Why vegetarians might live longer?
the journal JAMA Internal Medicine, “Eating a vegetarian diet may be associated with living longer”.
Being vegetarian is healthy but sometimes just eating vegetarian food might not be enough. Though a vegetarian diet is balanced and contains most of the essential nutrients, there might be some micro nutrients missing from the otherwise healthy and light diet, for eg., Vitamin B12, Vitamin D, Heme(iron), etc.
Here are some of the benefits of having a vegetarian diet:
1. Lowers Blood pressure
The ratio of polyunsaturated to saturated fat (P/S ratio) in the diet may affect blood pressure. Increasing the P/S ratio to 1 or more with approximately 25% of energy as fat has been associated with low blood pressure in hypertensive patients. This effect appears to be independent of sodium balance or body weight. This mechanism of blood pressure lowering effects is thought to involve prostaglandin metabolism.
2. Lowers the risk of heart diseases
Low glycemic index diets may preserve HDL cholesterol and thus have a potentially positive effect in reducing CHD risk. They may reduce plasma fatty acids and may suppress production of release of signaling hormones from adipose tissue, reversing dyslipidemia and insulin resistance. The foods are slowly absorbed and have metabolic benefits which decrease the risk of CHD.
3. Lowers the risk of cancer
Antioxidants are chemicals that interact with and neutralize free radicals, thus preventing cancer causing free radicals from causing damage. Antioxidants are also known as “free radical scavengers”. Fruits, vegetables, and grains are rich sources of dietary antioxidants, which include beta-carotene, lycopene, and vitamins A, C, and E (alpha-tocopherol).
4. Lowers the risk of diabetes
Vegetarian diets are high in fiber, which slows down the emptying of the stomach and delays intestinal transit. This reduces the rate of glucose absorption, lowers blood sugar rise, and decreases urinary glucose excretion.
5. Helps control your weight
Vegetarian diets are high in fiber, low on the glycemic index and low in calorie density, which helps you fill your appetite and also provides satiety. Higher intake of vegetarian food may help you cut calories. Due to slower rate of digestion and absorption in the small intestine, nutrient receptors in the gastro-intestinal tract are stimulated for a longer period of time, resulting in higher satiety levels.
Being on a vegetarian diet won’t help you get all the essential nutrients that your body requires. According to the food guide pyramid, intake of animal foods like eggs/chicken/fish should be 2-3 servings a day to make up for the nutrients lacking in vegetarian diets.— this article is written by a dietitian @ FitHo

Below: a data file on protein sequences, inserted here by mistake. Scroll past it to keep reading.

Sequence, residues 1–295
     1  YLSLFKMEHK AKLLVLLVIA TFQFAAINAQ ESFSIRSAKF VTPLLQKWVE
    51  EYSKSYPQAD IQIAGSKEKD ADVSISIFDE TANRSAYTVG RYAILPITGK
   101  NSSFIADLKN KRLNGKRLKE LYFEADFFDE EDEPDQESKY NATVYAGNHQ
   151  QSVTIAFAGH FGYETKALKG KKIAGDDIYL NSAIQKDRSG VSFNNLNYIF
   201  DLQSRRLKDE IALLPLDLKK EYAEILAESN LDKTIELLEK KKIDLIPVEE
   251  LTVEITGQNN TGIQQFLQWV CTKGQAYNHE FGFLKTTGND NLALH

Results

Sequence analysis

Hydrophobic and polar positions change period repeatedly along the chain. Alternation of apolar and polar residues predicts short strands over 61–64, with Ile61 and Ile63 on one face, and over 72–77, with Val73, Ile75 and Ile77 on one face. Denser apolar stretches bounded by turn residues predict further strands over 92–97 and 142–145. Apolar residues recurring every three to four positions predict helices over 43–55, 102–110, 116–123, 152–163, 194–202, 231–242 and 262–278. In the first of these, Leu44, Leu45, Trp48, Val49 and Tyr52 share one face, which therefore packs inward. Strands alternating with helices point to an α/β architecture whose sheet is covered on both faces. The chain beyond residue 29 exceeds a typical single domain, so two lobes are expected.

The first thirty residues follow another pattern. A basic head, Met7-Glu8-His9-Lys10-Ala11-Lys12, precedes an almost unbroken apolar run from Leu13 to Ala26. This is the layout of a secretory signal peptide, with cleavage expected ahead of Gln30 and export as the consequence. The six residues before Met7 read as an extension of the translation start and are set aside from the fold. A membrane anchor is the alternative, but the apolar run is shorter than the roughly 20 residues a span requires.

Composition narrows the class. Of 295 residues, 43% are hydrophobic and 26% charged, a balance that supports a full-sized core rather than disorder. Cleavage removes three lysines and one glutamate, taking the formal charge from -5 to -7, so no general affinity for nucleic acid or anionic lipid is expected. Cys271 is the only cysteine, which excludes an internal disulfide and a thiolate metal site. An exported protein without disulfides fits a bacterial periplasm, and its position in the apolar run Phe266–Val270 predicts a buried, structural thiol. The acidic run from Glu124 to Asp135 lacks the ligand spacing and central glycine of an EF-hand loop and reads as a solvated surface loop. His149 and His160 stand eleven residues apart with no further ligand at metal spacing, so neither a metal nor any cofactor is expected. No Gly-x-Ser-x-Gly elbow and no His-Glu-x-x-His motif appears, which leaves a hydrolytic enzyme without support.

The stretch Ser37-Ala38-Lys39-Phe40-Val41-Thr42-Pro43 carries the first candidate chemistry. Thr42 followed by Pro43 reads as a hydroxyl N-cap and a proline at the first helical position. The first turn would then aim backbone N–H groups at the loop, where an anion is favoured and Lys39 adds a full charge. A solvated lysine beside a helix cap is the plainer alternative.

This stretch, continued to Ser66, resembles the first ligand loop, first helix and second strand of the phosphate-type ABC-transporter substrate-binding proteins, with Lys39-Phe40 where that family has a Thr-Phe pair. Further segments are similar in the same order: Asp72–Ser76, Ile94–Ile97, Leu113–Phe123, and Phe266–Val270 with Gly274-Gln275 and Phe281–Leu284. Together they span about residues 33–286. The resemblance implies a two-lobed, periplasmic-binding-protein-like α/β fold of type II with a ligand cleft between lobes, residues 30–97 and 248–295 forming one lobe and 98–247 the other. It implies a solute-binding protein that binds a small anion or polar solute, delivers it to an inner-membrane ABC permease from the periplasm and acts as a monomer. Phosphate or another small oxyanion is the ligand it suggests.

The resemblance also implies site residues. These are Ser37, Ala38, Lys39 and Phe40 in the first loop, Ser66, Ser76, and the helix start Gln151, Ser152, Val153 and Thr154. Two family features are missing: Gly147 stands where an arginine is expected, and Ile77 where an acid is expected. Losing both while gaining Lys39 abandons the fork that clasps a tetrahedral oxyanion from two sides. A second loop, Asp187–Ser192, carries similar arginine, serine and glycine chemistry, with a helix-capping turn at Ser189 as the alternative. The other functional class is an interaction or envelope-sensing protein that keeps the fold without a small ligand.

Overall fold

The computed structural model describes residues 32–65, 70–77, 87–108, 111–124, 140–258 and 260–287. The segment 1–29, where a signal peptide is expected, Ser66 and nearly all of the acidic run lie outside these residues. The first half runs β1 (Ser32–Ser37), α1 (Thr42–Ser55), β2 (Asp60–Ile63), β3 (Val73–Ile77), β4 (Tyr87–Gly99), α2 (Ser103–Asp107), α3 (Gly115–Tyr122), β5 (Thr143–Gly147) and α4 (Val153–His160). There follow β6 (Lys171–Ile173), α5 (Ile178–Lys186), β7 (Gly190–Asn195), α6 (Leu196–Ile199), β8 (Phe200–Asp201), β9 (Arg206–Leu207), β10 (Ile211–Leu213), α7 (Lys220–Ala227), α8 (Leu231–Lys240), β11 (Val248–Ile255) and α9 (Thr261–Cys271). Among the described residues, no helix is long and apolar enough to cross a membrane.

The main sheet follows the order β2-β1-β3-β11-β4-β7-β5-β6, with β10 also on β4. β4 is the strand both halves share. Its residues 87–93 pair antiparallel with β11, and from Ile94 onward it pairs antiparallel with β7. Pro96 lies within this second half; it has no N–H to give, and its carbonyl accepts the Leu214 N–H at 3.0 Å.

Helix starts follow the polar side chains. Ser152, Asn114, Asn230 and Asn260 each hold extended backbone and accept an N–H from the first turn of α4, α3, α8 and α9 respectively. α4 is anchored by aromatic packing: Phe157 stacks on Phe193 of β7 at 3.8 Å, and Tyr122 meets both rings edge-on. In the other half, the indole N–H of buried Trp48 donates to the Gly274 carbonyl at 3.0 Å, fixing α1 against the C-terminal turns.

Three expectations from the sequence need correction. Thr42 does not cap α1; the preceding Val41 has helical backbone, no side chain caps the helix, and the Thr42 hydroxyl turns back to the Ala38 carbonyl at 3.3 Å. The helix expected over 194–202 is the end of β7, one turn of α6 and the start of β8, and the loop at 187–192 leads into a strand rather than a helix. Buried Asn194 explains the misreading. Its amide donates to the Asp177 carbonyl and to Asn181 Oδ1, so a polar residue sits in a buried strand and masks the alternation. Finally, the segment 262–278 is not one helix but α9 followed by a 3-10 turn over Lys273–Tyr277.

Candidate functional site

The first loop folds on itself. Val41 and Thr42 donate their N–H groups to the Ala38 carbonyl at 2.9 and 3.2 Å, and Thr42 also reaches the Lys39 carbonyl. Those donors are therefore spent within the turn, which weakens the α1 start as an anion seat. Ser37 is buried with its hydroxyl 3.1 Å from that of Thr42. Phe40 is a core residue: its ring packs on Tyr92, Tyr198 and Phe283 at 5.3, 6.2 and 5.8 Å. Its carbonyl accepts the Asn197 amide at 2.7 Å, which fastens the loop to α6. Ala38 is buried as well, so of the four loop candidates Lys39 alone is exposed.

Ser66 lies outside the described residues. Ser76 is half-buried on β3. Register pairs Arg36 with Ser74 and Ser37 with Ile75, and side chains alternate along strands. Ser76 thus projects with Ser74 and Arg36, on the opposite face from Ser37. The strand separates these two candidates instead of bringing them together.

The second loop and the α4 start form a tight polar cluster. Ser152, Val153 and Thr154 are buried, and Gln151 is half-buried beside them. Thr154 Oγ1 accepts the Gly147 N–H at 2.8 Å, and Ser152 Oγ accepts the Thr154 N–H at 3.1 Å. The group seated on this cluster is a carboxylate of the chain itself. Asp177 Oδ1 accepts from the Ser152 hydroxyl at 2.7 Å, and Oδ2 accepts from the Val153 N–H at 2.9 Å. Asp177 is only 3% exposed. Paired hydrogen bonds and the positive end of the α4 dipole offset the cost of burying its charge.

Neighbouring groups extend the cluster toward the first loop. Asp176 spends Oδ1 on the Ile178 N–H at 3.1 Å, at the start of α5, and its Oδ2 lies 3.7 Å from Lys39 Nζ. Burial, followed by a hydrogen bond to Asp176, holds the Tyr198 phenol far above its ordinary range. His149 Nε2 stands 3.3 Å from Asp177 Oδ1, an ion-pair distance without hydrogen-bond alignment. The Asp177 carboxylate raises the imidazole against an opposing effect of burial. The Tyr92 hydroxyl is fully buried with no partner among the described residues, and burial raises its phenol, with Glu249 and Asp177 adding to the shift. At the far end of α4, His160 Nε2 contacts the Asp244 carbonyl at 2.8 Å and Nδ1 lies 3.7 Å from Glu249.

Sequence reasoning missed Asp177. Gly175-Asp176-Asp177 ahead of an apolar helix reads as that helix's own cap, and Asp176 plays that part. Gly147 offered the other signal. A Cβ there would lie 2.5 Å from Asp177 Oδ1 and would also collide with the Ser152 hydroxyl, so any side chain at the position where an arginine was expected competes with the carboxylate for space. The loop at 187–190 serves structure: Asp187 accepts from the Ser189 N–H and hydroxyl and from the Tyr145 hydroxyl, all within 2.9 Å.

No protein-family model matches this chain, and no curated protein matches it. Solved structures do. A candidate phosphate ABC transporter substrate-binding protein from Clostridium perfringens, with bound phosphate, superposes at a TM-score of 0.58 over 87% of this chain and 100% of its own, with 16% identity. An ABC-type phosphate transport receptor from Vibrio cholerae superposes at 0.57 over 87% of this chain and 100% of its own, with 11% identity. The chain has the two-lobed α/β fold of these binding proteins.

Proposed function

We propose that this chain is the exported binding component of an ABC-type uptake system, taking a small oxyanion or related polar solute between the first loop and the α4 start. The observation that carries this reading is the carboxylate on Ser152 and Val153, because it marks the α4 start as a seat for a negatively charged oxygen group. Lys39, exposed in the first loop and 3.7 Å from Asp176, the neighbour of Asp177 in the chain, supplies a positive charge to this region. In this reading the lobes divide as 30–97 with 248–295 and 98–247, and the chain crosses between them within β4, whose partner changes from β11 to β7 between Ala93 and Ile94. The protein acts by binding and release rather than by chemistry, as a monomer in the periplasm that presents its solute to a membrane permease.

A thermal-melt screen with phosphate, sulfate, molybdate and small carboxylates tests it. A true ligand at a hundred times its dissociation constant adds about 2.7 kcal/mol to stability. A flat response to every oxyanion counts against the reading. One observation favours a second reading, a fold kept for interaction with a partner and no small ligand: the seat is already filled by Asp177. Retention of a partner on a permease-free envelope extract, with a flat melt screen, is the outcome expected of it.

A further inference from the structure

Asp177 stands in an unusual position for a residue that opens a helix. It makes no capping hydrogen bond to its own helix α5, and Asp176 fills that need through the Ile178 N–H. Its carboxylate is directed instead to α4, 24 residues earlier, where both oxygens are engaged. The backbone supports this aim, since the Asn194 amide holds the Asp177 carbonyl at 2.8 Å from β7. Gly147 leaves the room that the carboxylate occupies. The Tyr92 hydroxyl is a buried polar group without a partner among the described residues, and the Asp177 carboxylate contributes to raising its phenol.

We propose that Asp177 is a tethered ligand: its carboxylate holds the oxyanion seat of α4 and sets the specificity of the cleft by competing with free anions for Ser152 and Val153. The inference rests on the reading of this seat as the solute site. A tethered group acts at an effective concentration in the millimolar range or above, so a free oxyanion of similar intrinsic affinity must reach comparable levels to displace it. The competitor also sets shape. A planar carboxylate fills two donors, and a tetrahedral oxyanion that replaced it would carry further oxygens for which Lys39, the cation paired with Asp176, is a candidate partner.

Being Thin Does Not Mean Being Healthy
Increased body fat percentage and being overweight result in lifestyle disorders that cause heart disease, hypothyroid, diabetes, obesity and high blood pressure. Excessive saturated fat consumption increases the cholesterol levels in the body. Certain types of fat are bad for health and some are equally important which are commonly referred to us essential fat without which the body will fail to absorb and process nutrition in the body. Read here to know more about this.
The distribution of fat varies between gentics and gender. Women tend to store more subcutaneous fat which is under their skin. Distribution of fat in women is generally in their hips and thighs area while men tend to store more fat in the middle area or the abdomen. Once the person enters adolescence the fat cells don’t increase in number instead they only increase or decrease in size. Its the male and female hormone that decide the fat deposit destination in the body. For example women with big bellies are considered to have higher levels of testosterone ( male hormone) in their system that causes fat accumulation on the stomach. While if men have large hips its due to the high levels of estrogen (female hormone) in that body part.
We presume that fat people are more prone to metabolic disorder ( also known as lifestyle disorders) but a study by Ruth Loos at the Medical Research Council in the U.K. found that lean people with a specific genetic variant were equally at risk of diabetes, heart disease even though the reports confirmed lower fat percentage in the body. (more…)— this article is written by a dietitian @ FitHo